Step 3 ó Creating the Server Certificate, Key, and Encryption Files
Now that you have a CA ready to go, you can generate a private key and certificate request from your server and then transfer the request over to your CA to be signed, creating the required certificate. Youíre also free to create some additional files used during the encryption process.

Start by navigating to the EasyRSA directory on your OpenVPN server:

cd EasyRSA-3.0.4/
From there, run the easyrsa script with the init-pki option. Although you already ran this command on the CA machine, itís necessary to run it here because your server and CA will have separate PKI directories:

./easyrsa init-pki
Then call the easyrsa script again, this time with the gen-req option followed by a common name for the machine. Again, this could be anything you like but it can be helpful to make it something descriptive. Throughout this tutorial, the OpenVPN serverís common name will simply be ďserverĒ. Be sure to include the nopass option as well. Failing to do so will password-protect the request file which could lead to permissions issues later on:

Note: If you choose a name other than ďserverĒ here, you will have to adjust some of the instructions below. For instance, when copying the generated files to the /etc/openvpn directory, you will have to substitute the correct names. You will also have to modify the /etc/openvpn/server.conf file later to point to the correct .crt and .key files.

./easyrsa gen-req server nopass
This will create a private key for the server and a certificate request file called server.req. Copy the server key to the /etc/openvpn/ directory:

sudo cp ~/EasyRSA-3.0.4/pki/private/server.key /etc/openvpn/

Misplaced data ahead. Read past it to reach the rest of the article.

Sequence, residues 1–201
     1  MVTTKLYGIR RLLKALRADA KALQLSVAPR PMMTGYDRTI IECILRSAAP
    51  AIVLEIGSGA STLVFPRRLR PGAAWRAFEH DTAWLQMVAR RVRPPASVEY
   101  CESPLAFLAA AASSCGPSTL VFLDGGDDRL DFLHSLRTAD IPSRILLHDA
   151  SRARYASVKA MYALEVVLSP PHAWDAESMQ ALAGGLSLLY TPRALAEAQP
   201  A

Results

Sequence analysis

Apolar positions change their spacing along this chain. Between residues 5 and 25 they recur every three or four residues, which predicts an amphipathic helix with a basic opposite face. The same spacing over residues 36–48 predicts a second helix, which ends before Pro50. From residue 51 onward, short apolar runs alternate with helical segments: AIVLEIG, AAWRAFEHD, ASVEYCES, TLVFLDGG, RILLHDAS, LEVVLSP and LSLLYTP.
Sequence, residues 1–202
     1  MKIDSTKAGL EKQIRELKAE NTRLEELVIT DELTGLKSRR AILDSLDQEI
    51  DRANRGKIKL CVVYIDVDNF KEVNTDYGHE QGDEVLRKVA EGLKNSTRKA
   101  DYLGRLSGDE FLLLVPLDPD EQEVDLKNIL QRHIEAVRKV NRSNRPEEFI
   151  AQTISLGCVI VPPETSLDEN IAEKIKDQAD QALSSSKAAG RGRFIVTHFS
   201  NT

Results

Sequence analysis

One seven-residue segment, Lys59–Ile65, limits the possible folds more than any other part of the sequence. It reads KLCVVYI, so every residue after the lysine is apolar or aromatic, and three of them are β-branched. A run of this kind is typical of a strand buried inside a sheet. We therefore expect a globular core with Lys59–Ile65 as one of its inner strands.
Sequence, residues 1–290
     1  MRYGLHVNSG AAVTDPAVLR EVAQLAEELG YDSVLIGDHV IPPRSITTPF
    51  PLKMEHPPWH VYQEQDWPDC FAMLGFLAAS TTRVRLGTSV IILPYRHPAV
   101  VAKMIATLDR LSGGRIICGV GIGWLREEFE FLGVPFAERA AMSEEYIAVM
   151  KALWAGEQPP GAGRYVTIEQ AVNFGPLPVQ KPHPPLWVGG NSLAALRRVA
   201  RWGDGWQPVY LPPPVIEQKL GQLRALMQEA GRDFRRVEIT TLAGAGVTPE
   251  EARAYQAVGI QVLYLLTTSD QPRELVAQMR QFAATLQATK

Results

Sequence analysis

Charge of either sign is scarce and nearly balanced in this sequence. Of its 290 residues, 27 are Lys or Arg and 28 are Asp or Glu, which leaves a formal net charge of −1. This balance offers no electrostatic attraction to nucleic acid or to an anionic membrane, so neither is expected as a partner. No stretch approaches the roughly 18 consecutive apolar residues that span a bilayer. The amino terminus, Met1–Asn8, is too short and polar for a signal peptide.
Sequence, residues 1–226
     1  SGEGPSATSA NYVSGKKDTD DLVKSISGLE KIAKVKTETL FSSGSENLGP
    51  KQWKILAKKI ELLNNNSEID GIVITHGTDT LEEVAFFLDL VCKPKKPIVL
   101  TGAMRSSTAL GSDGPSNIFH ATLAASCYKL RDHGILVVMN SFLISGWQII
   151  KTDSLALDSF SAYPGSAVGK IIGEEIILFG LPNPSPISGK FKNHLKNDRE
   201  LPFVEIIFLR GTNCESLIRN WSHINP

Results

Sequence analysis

Using a secure method (like SCP, in our example below), transfer the server.req file to your CA machine:

scp ~/EasyRSA-3.0.4/pki/reqs/server.req sammy@your_CA_ip:/tmp
Next, on your CA machine, navigate to the EasyRSA directory:

cd EasyRSA-3.0.4/
Using the easyrsa script again, import the server.req file, following the file path with its common name:

./easyrsa import-req /tmp/server.req server
Then sign the request by running the easyrsa script with the sign-req option, followed by the request type and the common name. The request type can either be client or server, so for the OpenVPN serverís certificate request, be sure to use the server request type:

./easyrsa sign-req server server
In the output, youíll be asked to verify that the request comes from a trusted source. Type yes then press ENTER to confirm this:

You are about to sign the following certificate.
Please check over the details shown below for accuracy. Note that this request
has not been cryptographically verified. Please be sure it came from a trusted
source or that you have verified the request checksum with the sender.

Request subject, to be signed as a server certificate for 3650 days:

subject=
commonName = server


Type the word 'yes' to continue, or any other input to abort.
Confirm request details: yes
If you encrypted your CA key, youíll be prompted for your password at this point.

Next, transfer the signed certificate back to your VPN server using a secure method:

scp pki/issued/server.crt sammy@your_server_ip:/tmp
Before logging out of your CA machine, transfer the ca.crt file to your server as well:

scp pki/ca.crt sammy@your_server_ip:/tmp
Next, log back into your OpenVPN server and copy the server.crt and ca.crt files into your /etc/openvpn/ directory:

sudo cp /tmp/{server.crt,ca.crt} /etc/openvpn/
Then navigate to your EasyRSA directory:

cd EasyRSA-3.0.4/
From there, create a strong Diffie-Hellman key to use during key exchange by typing:

./easyrsa gen-dh
This may take a few minutes to complete. Once it does, generate an HMAC signature to strengthen the server's TLS integrity verification capabilities:

openvpn --genkey --secret ta.key
When the command finishes, copy the two new files to your /etc/openvpn/ directory:

sudo cp ~/EasyRSA-3.0.4/ta.key /etc/openvpn/